Cheryl said she had headaches, stomach aches and swelling in her feet.
“The list ls too long for anyone to remember," she said. "I had confusion. I was foggy headed. I had W days as I called them, ‘weird' days. My vision would be impaired, like I was looking through water. It would be wavy." she said.
Cheryl said she had never noticed that Scott's foot had gangrene until Sept. 9, 1990.
I never noticed anything until I went to turn him on that night,” she said. “Part of it fell off. Scott was complaining about having trouble breathing.”
She called her parents, who came over. They called 911.
The EMTS came and took Scott to Raulerson Hospital, where he died a few hours later.
Cheryl told the jurors about her life. growing up in South Florida, dropping out of Bible College, attempting suicide at age 21, getting married, divorcing her first husband, "after he came home with a social disease," and eventually training as a nurse's aid. She said she completed the nurse's aid course at South Tech in Boynton Beach. She said she did not receive a certificate because she failed the final exam.
In June 1984, she went to work for Scott Mickler as a nurse's aid in North Carolina. She said she worked the 4 p.m. to midnight shift and lived upstairs in Scott's house. If he needed her during the night, he could sound an alarm by using a switch he could operate with his mouth. Cheryl said she and Scott traveled to Florida in December to see his parents. At first the visit went well, but problems arose when the Micklers discovered Cheryl and Scott were using cocaine.
After spending a few months in the Florida Keys, they moved to Buckhead Ridge. Scott purchased a home there on Elm Street, and in May of 1985 they were married. Cheryl said the drug use continued. She said the thousands of dollars withdrawn each week from the checking account went to buy cocaine.
She said they stopped using drugs in November 1985, when Scott had a bad reaction after smoking crack.
"We had sniffed cocaine up our noses,” she said. "One day the person who was giving us drugs said she couldn't get cocaine powder anymore. She said rock cocaine was all that was available.”
“We switched over," she said. "On that day, I gave him two rocks at a time. I held it up and he smoked it," Cheryl said. “I was in the pool. He was watching me swim. I went to get a towel and I saw he was making funny faces at me. I found out later he was having a grand mal seizure," she said. "He was foaming at the mouth. His eyes rolled back in his head and he stopped breathing.”
"I said, 'Lord, forgive me.' I remember thinking while I was praying if he dies, I killed him. Scott started breathing again. I took that as an answer to my prayer," she said.
She said she couldn't call for help because, "we were so busy doing drugs that Cheryl forgot to pay the phone bill, and the phone was turned off. "
She said Scott survived, and the drug use stopped.
Cheryl Mickler testified about the former employees who took the stand last week. Both Joan Anderson, a former nurse, and Kathy Curry, a former housekeeper had indicated Cheryl shown no affection toward Scott.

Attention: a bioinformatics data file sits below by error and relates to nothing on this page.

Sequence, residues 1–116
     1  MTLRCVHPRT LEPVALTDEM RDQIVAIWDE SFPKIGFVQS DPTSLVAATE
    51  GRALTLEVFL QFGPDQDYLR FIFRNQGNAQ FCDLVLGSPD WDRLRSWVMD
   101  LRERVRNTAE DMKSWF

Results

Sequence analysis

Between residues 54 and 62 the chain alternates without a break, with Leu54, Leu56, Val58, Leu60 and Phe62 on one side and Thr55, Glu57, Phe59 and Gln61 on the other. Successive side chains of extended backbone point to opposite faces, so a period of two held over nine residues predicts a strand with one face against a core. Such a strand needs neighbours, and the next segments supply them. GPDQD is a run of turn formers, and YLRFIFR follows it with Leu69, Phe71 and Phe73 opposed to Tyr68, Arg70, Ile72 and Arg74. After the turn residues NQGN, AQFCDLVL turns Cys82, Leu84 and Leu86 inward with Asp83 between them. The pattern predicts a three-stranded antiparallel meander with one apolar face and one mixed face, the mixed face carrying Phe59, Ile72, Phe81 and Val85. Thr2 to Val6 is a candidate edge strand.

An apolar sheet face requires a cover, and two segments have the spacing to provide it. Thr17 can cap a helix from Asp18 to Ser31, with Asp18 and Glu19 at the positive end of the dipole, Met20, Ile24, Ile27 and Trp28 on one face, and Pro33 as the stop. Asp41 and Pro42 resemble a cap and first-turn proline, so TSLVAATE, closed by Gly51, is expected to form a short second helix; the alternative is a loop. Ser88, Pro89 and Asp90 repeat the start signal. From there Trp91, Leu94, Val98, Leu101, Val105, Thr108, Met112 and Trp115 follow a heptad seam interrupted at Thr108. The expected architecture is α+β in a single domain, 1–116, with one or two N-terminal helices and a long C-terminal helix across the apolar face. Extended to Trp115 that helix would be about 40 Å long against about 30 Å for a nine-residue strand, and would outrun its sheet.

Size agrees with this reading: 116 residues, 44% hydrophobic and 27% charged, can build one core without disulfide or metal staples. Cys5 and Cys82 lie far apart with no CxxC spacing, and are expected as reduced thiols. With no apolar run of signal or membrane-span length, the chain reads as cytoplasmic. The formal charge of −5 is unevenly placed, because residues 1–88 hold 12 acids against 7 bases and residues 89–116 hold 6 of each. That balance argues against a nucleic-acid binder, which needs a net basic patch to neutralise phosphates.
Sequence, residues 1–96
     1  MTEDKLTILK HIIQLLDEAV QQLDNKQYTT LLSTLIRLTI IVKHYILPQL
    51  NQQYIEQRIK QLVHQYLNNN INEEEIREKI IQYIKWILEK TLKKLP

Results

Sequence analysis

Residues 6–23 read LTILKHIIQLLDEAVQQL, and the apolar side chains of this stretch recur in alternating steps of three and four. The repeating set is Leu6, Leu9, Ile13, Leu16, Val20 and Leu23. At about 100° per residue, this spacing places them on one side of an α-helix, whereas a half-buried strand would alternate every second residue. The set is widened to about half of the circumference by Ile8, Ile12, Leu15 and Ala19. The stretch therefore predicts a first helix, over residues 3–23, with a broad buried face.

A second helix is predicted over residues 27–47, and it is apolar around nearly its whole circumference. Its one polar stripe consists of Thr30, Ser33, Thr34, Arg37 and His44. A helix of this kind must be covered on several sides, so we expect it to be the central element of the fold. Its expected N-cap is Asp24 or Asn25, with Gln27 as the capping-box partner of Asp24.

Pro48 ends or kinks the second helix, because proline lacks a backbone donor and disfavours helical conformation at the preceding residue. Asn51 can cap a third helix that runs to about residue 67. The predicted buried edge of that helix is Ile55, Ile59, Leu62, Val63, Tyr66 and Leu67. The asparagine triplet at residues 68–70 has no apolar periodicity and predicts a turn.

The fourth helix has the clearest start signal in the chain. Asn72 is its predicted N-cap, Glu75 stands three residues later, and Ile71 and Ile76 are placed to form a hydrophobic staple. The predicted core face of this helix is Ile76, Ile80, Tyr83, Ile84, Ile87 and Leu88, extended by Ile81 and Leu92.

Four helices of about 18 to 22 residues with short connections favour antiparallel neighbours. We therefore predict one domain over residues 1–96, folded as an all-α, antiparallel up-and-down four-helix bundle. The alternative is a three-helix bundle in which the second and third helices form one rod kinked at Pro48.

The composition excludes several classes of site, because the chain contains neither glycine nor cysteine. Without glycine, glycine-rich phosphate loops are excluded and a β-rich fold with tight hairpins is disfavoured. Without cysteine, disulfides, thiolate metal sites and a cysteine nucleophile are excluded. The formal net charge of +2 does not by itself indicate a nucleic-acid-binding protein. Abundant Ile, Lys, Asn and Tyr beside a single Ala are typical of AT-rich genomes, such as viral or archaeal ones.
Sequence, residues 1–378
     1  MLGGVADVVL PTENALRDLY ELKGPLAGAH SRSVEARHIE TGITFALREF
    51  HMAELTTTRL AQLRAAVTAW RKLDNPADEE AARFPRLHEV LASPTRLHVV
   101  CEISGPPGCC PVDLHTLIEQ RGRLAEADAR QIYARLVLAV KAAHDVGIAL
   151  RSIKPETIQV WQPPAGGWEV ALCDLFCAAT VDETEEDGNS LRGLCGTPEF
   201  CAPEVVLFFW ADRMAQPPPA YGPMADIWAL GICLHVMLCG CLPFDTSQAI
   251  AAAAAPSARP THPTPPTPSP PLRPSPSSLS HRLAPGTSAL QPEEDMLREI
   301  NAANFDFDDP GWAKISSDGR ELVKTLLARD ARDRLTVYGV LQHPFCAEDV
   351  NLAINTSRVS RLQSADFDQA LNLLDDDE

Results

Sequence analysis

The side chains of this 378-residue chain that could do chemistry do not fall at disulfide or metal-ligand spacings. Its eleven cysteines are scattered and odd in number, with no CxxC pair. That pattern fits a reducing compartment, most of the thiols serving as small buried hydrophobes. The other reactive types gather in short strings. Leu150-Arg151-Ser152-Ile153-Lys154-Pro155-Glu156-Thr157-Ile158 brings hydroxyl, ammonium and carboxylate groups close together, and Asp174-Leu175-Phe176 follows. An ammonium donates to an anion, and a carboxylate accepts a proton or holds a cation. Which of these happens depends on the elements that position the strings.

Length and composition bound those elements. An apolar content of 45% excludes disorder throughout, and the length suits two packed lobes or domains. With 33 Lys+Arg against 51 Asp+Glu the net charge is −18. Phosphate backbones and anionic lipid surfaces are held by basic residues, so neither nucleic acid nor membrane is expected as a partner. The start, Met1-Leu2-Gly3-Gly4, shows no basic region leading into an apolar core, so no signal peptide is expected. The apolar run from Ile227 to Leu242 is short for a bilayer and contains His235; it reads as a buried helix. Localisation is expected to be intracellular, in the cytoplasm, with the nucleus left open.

Cheryl said she did not show affection for her husband in front of household employees because when they were there it was a workplace.
She said they started to adopt baby in 1986. They rented a home in New York State for $18,000 to establish residency. They paid an attorney $40,000. She said they never lived in the rented home. She flew to New York and picked up the baby. Four months later, Cheryl said, they decided to give the baby back.
She said they did not want to lie to the judge about actually being New York residents. Cheryl said the attorney came to Florida to pick up the child. She said she received a refund of $6,000, but she didn't know if it was from the attorney or the real estate agent. Cheryl testified that she had formed an attachment to the baby.
When asked why they didn't just move to New York and live in the rented house, she said it was too much trouble to move Scott's medical equipment.
Cheryl Mickler remembered the time Scott's parents had come for an arranged visit and she would not unlock the door. "I could not get everything clean and I didn't want them coming in." she said.
She said it never occurred to her to ask Scott's family for help in taking care of him. She said she did not have any help in the home because they couldn't find any Christians to hire.
“The last person we had was into voodoo,” Cheryl testified. “She was from Jamaica. She was very nice , but we didn’t want voodoo around the house. We asked around. We couldn't find anyone in the immediate area.”
She said they ran an ad in a Christian magazine and received a few responses but no applicants who met their needs.
She testified when she married Scott Mickler, he had approximately $1 million left from his settlement from the Ford Motor Company. By the time of his death, most of the money was gone.
Two years after Scott died, the second lawsuit, against the insurance company of the driver who caused the wreck, was settled. Of the $12 million awarded, the lawyers got half, Cheryl said.
She said she received approximately one-third of the $6 million left, with the rest going to Scott's family. Of her part of the money she said she paid her attorney $500,000 for the probate work and $25,000 so far, for work on the criminal case.